To return briefly to my period of study (the eighteenth century), there are an abundance of authors who self-consciously attempt (with some success) to construct or subvert ideas of either an English, Scottish or British literary canon. The Tory writers of the early eighteenth century were particularly good at this, with Alexander Pope’s Dunciad ridiculing and satirising the written output of his Whig political rivals to such an extent that they are still either forgotten or laughed at today. For instance, I bet you’ve probably heard of Jonathan Swift, and maybe even John Gay, but I’m fairly confident that you’ve never heard of their Whig rivals: Thomas Tickell or John Dennis. My own PhD thesis focuses on a periodical called The Free-Holder which was written and published in 1715-1716. It was written by Joseph Addison, who also wrote The Spectator and The Tatler, two of the most famous periodicals ever written. The Free-Holder followed on from their success, proving popular on its original release. And yet, today, The Free-Holder is barely remembered at all. Why this might be forms a key question in my research (and for all of the answers you’ll have to wait for my monograph) but a significant reason for this elision is ‘Whiggish’ sympathies. And I think I’ve also identified the exact moment when this happens…
In 1779 the highly regarded and well respected Samuel Johnson (genius, essayist, rambler, dictionary inventor and Tory) released The Lives of English Poets, a biographical list of the ‘most eminent’ English writers. In doing so he overtly creates a canon of literature for the Restoration and eighteenth century. He also writes a largely Tory canon – looking back now, Whig writers are conspicuous by their absence. However, he has a particular problem with Addison. He has to include him, since he is a much loved literary figure, but by the end of his career Addison was also extremely ‘Whiggish’. Johnson’s first impulse is to play up the neutrality of Addison’s early papers, but he can’t do the same with The Free-Holder (which, by the end, was wearing its Whig heart plainly on its sleeve). Johnson’s solution is simply to tell people not to read it:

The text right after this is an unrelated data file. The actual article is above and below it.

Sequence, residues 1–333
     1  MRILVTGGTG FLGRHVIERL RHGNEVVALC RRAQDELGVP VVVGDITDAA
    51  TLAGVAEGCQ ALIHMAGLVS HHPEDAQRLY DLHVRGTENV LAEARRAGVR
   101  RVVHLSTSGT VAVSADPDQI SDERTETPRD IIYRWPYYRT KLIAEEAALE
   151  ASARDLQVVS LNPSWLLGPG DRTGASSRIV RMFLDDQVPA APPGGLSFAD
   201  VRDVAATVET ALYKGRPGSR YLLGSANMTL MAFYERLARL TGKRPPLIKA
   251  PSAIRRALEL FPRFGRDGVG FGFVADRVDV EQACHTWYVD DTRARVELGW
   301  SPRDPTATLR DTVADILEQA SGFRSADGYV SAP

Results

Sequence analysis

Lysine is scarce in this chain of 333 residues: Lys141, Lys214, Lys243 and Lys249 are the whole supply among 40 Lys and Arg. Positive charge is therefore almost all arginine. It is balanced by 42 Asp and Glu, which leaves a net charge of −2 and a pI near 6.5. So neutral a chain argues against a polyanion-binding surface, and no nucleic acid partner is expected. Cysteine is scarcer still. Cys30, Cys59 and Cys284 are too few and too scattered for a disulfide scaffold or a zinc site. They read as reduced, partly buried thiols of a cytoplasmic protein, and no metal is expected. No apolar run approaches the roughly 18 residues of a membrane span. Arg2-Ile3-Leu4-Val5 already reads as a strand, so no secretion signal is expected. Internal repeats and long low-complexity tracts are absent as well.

[The Free-Holder] was undertaken in defence of the established government, sometimes with argument, sometimes with mirth. In argument he had many equals; but his humour was singular and matchless. […] There are however some strokes less elegant, and less decent. [T]hat which might be expected from Milton’s savageness, or [Whig] Oldmixon’s meanness, was not suitable for the delicacy of Addison.
The Free-Holder has subsequently suffered a noticeable lack of popular and critical attention. In fact, it has been omitted entirely from Addison’s entry in the Oxford Dictionary of National Biography. But to not read the Free-Holder is to not read Addison’s entire body of work, which leaves a skewered image of him as a writer, person and politician. Also, he wrote it for a reason and it had an impact on its contemporary readership — surely it’s worth reading, not only because it offers a fuller picture of Addison, but because it offers a better view of the century in which it was printed.
So, the canon has the power to immortalise some while banishing others. It can enhance memories of one author, while erasing those of another (such as the Wimbledon winners, Pluto, and particular groups of writers). The canon is not a conspiracy, but it can certainly be manipulated. And the implications of canon formation raise important questions about value. How do we distinguish good from bad?
The existence of the canon can remind us that ‘worth’ and ‘value’ are created; they are not innate but invented. We don’t know that Dickens is a literary great by accident. The canon is tremendously useful, but you should always be mindful of why it is that you are reading what you read, and always maintain an open mind towards what you are not. As revisionists and literary critics of this generation are constantly proving: all voices deserve to be heard, even if they have previously been silenced by canonical forces.